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Homeostatic plasticity

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https://www.readbyqxmd.com/read/28343184/regulatory-role-of-ngfs-in-neurocognitive-functions
#1
Ashutosh Kumar, Vikas Pareek, Muneeb A Faiq, Pavan Kumar, Khursheed Raza, Pranav Prasoon, Subrahamanyam Dantham, Sankat Mochan
Nerve growth factors (NGFs), especially the prototype NGF and brain-derived neurotrophic factor (BDNF), have a diverse array of functions in the central nervous system through their peculiar set of receptors and intricate signaling. They are implicated not only in the development of the nervous system but also in regulation of neurocognitive functions like learning, memory, synaptic transmission, and plasticity. Evidence even suggests their role in continued neurogenesis and experience-dependent neural network remodeling in adult brain...
March 27, 2017: Reviews in the Neurosciences
https://www.readbyqxmd.com/read/28334879/altered-sleep-homeostasis-correlates-with-cognitive-impairment-in-patients-with-focal-epilepsy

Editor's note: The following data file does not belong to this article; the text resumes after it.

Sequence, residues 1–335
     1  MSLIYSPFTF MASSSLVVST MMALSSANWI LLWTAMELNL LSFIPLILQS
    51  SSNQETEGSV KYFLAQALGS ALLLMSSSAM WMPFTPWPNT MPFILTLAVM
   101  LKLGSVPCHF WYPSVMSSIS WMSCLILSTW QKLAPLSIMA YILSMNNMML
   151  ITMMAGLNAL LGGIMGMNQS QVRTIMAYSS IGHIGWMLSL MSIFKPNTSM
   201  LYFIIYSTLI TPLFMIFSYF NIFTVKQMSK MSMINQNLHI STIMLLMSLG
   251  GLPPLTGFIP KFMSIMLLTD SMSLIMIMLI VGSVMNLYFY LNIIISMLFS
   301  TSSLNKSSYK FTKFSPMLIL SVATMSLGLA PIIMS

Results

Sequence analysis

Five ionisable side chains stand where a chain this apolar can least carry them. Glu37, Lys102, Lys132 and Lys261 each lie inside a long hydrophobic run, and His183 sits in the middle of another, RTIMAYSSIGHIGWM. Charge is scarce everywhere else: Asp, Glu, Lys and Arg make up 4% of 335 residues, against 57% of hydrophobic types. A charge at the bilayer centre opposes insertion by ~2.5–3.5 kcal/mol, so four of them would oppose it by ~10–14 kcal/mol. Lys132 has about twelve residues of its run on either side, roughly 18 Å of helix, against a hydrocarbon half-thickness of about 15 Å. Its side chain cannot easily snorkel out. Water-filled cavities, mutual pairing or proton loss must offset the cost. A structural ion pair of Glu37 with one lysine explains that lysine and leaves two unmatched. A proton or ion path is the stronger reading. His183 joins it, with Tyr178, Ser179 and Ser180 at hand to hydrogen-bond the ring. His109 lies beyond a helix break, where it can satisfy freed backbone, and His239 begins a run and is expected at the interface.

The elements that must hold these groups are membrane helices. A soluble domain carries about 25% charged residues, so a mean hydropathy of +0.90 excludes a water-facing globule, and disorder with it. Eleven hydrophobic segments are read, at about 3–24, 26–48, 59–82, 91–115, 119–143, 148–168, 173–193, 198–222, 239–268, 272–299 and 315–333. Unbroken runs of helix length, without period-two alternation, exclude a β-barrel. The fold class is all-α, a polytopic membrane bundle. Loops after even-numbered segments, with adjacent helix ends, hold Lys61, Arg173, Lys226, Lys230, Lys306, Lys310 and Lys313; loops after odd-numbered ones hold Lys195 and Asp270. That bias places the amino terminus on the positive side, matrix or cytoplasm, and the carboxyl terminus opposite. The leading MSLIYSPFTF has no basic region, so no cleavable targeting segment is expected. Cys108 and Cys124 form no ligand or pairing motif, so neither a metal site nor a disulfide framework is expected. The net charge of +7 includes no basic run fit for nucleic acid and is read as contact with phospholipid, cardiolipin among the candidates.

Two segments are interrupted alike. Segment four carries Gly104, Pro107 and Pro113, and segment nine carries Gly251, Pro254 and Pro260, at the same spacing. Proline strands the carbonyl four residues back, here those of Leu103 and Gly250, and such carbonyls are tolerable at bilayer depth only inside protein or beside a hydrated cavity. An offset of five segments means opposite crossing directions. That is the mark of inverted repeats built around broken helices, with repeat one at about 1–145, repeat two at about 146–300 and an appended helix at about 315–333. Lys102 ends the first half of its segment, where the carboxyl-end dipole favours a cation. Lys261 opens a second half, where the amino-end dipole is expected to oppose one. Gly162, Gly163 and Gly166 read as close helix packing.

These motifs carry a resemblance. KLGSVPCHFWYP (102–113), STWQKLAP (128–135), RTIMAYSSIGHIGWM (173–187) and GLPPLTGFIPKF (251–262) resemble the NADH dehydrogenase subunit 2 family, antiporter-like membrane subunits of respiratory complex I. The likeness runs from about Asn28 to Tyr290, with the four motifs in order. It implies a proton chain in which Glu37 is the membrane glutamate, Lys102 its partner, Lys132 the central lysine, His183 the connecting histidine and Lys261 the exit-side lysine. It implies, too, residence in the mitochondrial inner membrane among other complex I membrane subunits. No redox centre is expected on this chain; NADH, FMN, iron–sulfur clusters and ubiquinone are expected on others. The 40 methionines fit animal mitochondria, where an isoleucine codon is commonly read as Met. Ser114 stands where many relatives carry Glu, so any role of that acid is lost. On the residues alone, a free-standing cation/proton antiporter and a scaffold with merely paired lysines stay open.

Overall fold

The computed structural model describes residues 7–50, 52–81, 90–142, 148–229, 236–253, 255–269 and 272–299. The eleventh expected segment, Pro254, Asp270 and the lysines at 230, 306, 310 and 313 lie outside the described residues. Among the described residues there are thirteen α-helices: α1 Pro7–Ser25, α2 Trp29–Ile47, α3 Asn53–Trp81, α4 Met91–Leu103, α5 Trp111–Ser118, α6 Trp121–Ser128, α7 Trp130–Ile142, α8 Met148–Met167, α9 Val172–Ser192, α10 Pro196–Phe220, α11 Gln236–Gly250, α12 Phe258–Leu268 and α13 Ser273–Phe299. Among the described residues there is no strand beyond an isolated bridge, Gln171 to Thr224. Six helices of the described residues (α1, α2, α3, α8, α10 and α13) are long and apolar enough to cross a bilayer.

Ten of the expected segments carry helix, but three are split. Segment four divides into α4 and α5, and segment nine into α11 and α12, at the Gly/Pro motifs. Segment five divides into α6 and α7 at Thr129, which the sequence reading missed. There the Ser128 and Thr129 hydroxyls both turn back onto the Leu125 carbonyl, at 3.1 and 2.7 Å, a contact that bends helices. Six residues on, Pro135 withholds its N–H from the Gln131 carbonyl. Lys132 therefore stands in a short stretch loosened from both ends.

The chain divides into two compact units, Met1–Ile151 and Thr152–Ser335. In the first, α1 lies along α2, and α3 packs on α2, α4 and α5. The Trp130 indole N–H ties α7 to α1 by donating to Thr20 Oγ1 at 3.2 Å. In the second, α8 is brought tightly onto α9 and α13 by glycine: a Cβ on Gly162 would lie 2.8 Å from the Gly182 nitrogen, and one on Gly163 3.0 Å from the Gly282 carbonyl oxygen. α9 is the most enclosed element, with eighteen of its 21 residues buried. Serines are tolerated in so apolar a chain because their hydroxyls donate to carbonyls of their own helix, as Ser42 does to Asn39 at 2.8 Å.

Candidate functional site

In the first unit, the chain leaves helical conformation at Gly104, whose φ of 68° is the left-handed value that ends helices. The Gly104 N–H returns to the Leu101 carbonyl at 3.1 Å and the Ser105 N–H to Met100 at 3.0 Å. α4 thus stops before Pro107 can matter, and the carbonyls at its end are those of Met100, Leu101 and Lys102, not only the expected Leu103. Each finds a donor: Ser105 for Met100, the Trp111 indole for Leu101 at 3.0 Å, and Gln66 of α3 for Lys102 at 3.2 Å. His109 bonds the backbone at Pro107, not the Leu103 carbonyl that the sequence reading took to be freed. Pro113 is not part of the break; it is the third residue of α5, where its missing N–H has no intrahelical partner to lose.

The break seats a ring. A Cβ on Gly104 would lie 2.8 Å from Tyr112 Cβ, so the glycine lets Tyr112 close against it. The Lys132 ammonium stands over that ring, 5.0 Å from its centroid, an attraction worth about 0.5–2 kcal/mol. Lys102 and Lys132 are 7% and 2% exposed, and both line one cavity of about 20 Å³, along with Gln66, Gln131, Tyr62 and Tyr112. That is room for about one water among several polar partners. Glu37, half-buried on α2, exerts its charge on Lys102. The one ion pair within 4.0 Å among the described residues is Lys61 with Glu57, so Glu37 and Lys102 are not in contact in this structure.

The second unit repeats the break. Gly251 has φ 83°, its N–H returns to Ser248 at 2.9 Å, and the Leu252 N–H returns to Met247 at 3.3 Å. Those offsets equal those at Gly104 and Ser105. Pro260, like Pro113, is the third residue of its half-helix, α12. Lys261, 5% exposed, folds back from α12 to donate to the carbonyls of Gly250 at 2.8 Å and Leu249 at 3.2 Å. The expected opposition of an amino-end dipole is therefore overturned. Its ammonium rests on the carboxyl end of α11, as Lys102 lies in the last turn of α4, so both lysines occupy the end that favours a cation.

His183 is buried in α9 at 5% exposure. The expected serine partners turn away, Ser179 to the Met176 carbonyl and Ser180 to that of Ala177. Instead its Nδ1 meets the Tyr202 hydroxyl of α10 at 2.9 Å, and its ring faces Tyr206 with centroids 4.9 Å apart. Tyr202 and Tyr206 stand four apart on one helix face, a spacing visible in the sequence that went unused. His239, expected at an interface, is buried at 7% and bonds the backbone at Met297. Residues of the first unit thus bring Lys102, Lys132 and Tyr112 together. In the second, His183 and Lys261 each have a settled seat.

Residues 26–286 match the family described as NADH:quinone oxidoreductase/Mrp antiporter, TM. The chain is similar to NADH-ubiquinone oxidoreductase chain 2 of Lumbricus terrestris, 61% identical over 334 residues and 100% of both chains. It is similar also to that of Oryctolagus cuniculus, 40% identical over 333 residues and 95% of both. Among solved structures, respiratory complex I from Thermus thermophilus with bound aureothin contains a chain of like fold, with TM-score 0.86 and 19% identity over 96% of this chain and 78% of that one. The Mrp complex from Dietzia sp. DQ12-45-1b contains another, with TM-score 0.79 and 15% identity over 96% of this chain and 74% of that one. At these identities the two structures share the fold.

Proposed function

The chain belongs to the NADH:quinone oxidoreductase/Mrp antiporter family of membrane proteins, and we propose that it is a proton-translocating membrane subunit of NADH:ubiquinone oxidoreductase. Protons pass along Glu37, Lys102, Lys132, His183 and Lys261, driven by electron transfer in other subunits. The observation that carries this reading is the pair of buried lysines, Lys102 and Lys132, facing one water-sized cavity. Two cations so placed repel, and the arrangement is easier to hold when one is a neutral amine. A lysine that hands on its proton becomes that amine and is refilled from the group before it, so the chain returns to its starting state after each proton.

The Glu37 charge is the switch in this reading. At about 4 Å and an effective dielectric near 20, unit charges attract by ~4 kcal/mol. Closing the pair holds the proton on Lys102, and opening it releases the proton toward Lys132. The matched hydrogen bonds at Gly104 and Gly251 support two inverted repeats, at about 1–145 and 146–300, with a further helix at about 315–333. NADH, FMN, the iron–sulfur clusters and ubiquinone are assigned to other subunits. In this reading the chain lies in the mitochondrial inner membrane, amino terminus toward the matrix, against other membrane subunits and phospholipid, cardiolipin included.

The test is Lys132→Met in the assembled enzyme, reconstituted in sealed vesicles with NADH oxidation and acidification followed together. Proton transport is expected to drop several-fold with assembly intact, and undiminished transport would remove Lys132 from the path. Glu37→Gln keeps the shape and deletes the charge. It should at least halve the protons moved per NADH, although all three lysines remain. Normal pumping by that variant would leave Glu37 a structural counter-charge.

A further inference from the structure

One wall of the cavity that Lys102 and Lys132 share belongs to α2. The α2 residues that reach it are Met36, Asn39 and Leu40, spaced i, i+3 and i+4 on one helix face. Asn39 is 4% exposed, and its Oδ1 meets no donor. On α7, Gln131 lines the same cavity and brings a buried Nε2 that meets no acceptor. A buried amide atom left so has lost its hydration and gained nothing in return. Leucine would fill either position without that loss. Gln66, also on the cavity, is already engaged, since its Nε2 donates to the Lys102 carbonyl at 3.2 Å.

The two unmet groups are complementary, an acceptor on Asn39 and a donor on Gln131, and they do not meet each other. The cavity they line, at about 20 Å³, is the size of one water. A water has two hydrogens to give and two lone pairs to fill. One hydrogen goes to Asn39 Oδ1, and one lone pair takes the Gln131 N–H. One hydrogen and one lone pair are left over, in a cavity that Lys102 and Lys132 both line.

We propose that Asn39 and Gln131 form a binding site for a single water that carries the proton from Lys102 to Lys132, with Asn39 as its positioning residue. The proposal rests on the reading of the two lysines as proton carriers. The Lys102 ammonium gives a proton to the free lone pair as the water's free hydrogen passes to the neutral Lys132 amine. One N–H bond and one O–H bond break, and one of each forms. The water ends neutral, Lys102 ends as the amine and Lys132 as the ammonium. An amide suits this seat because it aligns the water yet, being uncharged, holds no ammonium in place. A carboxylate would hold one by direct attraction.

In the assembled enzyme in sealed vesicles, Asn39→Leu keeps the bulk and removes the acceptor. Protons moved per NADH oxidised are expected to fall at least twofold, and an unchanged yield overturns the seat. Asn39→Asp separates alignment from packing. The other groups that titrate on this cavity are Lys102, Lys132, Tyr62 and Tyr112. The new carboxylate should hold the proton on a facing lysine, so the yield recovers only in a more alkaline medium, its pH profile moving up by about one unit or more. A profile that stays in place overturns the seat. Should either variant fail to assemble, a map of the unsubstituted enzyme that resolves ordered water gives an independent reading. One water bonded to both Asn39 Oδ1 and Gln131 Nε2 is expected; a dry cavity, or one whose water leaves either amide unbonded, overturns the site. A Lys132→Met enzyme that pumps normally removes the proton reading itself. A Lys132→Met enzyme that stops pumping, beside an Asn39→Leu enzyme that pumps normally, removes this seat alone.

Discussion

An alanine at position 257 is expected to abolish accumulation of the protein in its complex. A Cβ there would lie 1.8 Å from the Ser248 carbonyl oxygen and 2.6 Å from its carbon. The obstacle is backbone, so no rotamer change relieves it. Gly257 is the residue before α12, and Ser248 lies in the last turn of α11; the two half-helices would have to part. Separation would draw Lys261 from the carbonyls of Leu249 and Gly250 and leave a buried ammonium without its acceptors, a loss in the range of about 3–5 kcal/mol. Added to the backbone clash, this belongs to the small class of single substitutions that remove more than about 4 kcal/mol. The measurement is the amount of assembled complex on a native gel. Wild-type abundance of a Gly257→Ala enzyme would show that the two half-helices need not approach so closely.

#2
Melanie Boly, Benjamin Jones, Graham Findlay, Erin Plumley, Armand Mensen, Bruce Hermann, Guilio Tononi, Rama Maganti
In animal studies, both seizures and interictal spikes induce synaptic potentiation. Recent evidence suggests that electroencephalogram slow wave activity during sleep reflects synaptic potentiation during wake, and that its homeostatic decrease during the night is associated with synaptic renormalization and its beneficial effects. Here we asked whether epileptic activity induces plastic changes that can be revealed by high-density electroencephalography recordings during sleep in 15 patients with focal epilepsy and 15 control subjects...
March 14, 2017: Brain: a Journal of Neurology
https://www.readbyqxmd.com/read/28334601/a-tale-of-two-inputs
#3
James Ashley, Vivian Budnik
In this issue of Neuron, Newman et al. (2017) image calcium events at single synapses of unanesthetized Drosophila larvae. Synaptic plasticity and homeostatic regulation of synapses is established to be input specific. Furthermore, plasticity forms involve selective recruitment of previously active or silent synapses.